When I was a kid, my mother offered me unsolicited but wise counsel that I have yet to heed: Never put anything in writing.
Since the dawn of blogging, vlogging, and social media, people have been putting not just anything but everything in writing and in video recordings. People pour their hearts out on Facebook, Twitter, Instagram, YouTube, and personal blogs about the most intimate details of their lives for all the world—including employers—to see. While it is illegal for an employer in Illinois to demand access to a candidate’s or employee’s personal social media accounts, if your profile and post settings are public, then employers can see them. (It’s always a good idea to consider this before posting.)
Before COVID drove office workers into their homes during the work day, people didn’t appear to post much about their personal lives on LinkedIn. LinkedIn posts seemed to focus primarily on professional networking and development. They were not rife with intimate details about personal life the way posts on platforms geared toward personal life are.
Over the many pandemic months—now years—at home, employees’ work and personal lives began to converge. Small children and dogs alike yowled with abandon during workday Zoom calls. People engaged in deep reflection about their relationship to work. Those who, before George Floyd’s murder, hadn’t previously thought much about the way inequities in our society present themselves in our workplaces starting thinking about it—and posting about it. The overall tone and content of LinkedIn posts changed. A lot.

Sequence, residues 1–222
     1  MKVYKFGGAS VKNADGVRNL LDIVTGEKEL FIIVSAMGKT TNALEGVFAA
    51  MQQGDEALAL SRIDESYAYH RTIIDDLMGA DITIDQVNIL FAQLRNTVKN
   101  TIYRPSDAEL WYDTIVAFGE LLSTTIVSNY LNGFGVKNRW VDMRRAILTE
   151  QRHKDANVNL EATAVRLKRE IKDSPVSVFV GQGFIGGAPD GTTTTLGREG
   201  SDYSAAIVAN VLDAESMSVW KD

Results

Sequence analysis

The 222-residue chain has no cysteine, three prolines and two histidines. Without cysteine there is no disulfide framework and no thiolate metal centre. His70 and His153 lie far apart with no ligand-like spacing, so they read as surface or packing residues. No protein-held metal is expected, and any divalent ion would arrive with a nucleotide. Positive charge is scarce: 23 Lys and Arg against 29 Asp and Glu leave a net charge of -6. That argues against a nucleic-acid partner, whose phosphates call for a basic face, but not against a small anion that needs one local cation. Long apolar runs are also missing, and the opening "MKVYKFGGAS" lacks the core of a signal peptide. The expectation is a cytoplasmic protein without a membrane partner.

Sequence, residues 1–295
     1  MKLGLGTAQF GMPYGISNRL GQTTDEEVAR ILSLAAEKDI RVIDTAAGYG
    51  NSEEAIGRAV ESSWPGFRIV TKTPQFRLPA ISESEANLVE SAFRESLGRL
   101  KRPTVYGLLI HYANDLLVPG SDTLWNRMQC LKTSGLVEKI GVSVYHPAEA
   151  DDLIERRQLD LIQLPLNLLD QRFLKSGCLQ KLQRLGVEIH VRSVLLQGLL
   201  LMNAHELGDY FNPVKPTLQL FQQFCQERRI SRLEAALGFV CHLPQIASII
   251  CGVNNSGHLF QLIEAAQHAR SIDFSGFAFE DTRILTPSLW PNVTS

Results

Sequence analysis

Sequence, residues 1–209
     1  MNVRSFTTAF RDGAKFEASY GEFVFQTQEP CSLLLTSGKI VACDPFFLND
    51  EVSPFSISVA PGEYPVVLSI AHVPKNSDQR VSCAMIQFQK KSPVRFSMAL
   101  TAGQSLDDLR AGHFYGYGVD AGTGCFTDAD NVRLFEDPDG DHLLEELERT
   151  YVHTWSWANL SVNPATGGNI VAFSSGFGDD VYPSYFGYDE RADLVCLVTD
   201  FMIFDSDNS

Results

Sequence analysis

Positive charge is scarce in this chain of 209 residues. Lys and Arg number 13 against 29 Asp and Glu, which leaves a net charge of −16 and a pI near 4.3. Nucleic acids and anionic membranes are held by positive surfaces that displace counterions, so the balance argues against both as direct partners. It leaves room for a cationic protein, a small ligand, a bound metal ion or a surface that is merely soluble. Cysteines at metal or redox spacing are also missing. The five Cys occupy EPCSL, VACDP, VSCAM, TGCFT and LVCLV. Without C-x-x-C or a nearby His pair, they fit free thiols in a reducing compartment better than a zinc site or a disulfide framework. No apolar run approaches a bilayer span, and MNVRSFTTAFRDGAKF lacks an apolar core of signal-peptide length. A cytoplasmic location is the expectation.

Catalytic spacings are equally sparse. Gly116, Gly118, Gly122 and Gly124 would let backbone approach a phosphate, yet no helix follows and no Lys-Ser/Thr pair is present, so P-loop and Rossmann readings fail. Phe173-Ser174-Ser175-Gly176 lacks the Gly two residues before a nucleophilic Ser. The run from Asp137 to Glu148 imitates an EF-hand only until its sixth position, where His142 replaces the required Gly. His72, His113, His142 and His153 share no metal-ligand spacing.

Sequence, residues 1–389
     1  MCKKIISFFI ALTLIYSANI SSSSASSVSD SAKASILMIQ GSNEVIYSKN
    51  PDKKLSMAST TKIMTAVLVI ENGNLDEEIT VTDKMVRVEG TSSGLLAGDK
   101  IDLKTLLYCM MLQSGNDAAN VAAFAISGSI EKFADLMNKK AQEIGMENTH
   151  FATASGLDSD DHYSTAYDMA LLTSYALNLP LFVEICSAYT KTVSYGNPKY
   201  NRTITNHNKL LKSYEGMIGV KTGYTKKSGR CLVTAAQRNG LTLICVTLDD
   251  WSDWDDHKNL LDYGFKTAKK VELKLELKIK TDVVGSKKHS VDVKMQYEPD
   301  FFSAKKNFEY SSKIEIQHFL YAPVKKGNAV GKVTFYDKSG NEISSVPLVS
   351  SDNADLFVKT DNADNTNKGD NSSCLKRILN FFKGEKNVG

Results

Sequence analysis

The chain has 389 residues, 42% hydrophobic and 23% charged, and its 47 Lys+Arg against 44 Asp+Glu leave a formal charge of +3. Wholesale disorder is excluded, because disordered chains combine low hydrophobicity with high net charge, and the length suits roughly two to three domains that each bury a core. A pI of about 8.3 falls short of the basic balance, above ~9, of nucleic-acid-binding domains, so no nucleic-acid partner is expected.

I found this change enormously refreshing. It gave me a window into my LinkedIn contacts’ lives as whole people, not just Directors of Marketing, IT Managers, and General Counsel. Naturally, having ignored my mother’s sage advice about not putting anything in writing for 40 years and counting, I hopped on the bandwagon. Having been responsible for social media at a previous job, however, I am aware that employers often have social media policies that employees are obliged to adhere to or risk adverse consequences, including termination.
While posting about labor conditions at an employer may be considered protected speech, employees should always think twice before posting on social media, especially on LinkedIn, which is still considered a professional channel. Why? Because many employers’ social media policies include language that prohibits employees from posting as if they’re speaking as their employer rather than themselves, revealing internal information and trade secrets, and expressing negative opinions about their employer. So, if you like your job and want to keep it, take a moment to review your company’s social media policy. And the next time you post on LinkedIn or elsewhere, ask yourself first whether you might come to regret it.